What’s Next for the Palestinian UN Bid

The Palestinian bid for United Nations membership and effective statehood recognition is now one week old, but is a final vote in the UN Security Council coming soon? Where does the vote count stand? And what happens if the United States issues a veto? Here’s a step-by-step analysis of where the Palestinian UN membership application is now and where it’s heading:

The Bid Now: It is currently sitting in the Committee on the Admission of New Members, which began its meetings today. The committee process is used for all UN membership applications. According to a UN official who spoke with The Mideast Update by phone, the committee will study and negotiate regarding the application and finally present a recommendation to the Security Council as a whole.

Who Is on the Committee: Representatives from all 15 Security Council member nations. That means representatives from the US, the United Kingdom, Russia, China, Lebanon and Nigeria are among those reviewing the Palestinian application.

How Long the Committee Process Will Take: As far as the UN official knew, there is no time limit on how long the membership committee can take to review the application.

When the Vote Takes Place: After the committee finishes their review, the Security Council members will all vote on the Palestinian application. To get acceptance and move on to the final approval vote at the UN General Assembly, the membership bid has to receive nine yes votes from the 15-member Security Council. Members can vote yes, no or abstain. In other words, if at least seven members either vote no or abstain, this Palestinian bid will be turned down.

The US Veto: The United States is one of five nations on the Council—along with the UK, France, Russia and China—who all have veto power. Even if all fourteen other members vote yes, a single veto from one of these five permanent members will result in the failure of any vote in the Security Council. The US has in the past said they will veto a Palestinian UN membership resolution if necessary, as they consider it detrimental to the peace process.

Why the Security Council: The UN Security Council is the only body with the legal authority to recommend new UN members. Any membership bid must first pass in the Council before moving to the UN General Assembly for a final approval vote. If the Council approves a bid, the bid then needs a two-thirds majority of those present and voting in the General Assembly to achieve membership.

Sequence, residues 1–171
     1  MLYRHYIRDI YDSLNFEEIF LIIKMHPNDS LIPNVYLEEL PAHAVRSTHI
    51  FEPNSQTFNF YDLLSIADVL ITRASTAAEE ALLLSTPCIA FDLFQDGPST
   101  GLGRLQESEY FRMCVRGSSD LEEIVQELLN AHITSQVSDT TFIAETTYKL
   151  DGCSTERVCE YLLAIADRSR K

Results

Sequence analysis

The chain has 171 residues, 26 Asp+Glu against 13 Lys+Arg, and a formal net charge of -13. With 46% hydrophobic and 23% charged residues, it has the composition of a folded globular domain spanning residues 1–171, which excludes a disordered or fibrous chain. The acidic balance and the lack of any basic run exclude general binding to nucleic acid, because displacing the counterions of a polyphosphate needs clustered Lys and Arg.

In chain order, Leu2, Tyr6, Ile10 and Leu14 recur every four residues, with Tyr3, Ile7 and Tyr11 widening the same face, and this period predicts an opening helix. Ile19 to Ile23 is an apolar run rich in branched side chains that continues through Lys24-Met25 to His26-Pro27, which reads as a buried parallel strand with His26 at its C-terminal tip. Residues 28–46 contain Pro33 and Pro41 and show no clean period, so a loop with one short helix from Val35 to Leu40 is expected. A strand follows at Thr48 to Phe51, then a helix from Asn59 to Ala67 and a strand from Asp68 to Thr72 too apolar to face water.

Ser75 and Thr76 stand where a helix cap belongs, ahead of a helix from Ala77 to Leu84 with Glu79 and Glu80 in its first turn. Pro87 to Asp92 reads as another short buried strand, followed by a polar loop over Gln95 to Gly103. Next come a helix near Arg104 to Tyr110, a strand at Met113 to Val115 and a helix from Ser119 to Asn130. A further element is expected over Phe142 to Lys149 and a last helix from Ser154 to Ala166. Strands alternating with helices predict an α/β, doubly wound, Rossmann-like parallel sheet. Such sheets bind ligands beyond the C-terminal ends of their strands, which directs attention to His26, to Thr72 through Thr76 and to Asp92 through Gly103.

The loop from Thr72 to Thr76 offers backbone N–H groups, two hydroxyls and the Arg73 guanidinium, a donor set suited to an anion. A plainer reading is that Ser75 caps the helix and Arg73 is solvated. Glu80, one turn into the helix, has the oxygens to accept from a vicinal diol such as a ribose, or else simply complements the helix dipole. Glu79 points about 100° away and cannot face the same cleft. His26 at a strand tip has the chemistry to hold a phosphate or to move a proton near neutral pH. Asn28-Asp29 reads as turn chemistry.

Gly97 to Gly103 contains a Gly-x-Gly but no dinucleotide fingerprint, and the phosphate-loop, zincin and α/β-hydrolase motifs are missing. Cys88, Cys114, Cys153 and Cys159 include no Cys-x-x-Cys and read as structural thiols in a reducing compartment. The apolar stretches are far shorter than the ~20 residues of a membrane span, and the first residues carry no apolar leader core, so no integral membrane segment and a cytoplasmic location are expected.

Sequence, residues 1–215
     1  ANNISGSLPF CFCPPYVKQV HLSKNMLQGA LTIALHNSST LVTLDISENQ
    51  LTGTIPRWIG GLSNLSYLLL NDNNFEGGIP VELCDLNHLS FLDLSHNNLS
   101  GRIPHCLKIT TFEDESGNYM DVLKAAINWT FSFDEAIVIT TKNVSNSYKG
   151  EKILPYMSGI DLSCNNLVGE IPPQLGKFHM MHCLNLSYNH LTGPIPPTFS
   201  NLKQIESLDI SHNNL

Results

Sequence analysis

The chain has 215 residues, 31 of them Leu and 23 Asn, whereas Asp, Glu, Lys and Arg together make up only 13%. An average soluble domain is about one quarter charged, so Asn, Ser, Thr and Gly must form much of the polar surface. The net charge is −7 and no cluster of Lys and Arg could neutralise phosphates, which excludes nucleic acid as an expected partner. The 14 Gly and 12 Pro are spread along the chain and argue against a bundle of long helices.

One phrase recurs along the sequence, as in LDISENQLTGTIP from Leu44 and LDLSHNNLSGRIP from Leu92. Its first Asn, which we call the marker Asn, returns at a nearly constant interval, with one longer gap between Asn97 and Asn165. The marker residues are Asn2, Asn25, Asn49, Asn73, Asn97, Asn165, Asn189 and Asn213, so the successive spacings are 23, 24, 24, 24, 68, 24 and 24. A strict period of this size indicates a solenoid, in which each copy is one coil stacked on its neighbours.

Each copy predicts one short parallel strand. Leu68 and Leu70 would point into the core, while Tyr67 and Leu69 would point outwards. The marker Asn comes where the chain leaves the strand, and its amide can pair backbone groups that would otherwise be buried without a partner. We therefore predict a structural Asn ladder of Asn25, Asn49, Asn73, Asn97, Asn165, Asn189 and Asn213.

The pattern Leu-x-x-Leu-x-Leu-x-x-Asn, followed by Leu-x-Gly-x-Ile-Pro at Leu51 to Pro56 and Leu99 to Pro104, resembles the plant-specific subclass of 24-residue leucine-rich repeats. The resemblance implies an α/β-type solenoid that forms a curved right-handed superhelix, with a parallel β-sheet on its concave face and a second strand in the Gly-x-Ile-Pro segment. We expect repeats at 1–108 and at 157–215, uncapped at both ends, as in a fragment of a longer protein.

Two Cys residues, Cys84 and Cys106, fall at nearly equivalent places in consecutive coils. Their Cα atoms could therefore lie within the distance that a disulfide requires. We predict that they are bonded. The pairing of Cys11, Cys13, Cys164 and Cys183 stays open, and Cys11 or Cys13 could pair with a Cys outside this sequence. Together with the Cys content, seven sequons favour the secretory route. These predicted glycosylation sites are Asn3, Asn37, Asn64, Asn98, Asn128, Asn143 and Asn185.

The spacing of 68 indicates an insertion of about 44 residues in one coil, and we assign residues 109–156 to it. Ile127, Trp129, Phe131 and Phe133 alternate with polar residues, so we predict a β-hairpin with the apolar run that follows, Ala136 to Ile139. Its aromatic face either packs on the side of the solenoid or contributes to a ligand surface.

In the Palestinian case, it is generally expected that they would get a positive vote there, considering the many Arab states and those not aligned with the West who traditionally vote for the Palestinians. Therefore, the Security Council is effectively the last hurdle for the Palestinians to obtain UN membership and effective statehood recognition. That makes the Council critical for the US, Israel and others who are concerned about the consequences of the Palestinian bid.

Who Supports the Palestinian Bid in the Council: The WAFA Palestinian news agency reported that Palestinian Foreign Minister Riyad al-Malki told Voice of Palestine radio there are eight nations who are expected to vote yes on the Palestinian vote in the Security Council. That means the Palestinians need just one more yes to force a US veto. However, less than two weeks ago an anonymous Israeli official told The Mideast Update he thought it was not clear that the Palestinians had the votes they needed and they were “under a lot of pressure” at the time. So things remain unclear.

Potential Swing Votes: According to WAFA’s report, al-Malki said that the European state of Bosnia and Herzegovina and the South American nation of Columbia are two nations the Palestinians could target to seek the final yes vote. If one votes yes, and the other votes hold, the resolution will force a US veto.

Other Palestinian Options: The General Assembly cannot confer full UN membership without an approval first from the Security Council. If the Security Council turns down their application, as expected, the Palestinians can still seek a less significant UN status upgrade through the UN General Assembly—where there is no veto threat. However, that also carries with it less legal authority and is more a tool that could be used in a diplomatic and legal offensive against Israel. Such tactics would likely prove more successful if Europe votes with the Palestinians in the General Assembly—but it won’t get them full member nation status at the UN.

Why the Security Council Vote Matters: The bid is likely to fail in the Security Council either way due to the US veto, but if the vote fails without forcing a US veto, the Palestinians will lack diplomatic momentum that could prove crucial to any follow-up efforts—at the General Assembly and in diplomatic, boycott and legal campaigns aimed at Israel.

As one anonymous Israeli official told The Mideast Update, “If they can’t even get a majority on the Council, they’re exposed that there’s not actually international support for what they’re saying.” Avoiding the US veto is also better for American foreign policy, especially in the Middle East.

How It Got Here: The Palestinians formally applied for UN membership on September 23, submitting the bid to UN Secretary-General Ban Ki-moon. Thereafter the UN chief presented it to the Security Council, where the bid currently resides.

(By Joshua Spurlock, www.themideastupdate.com, September 30, 2011)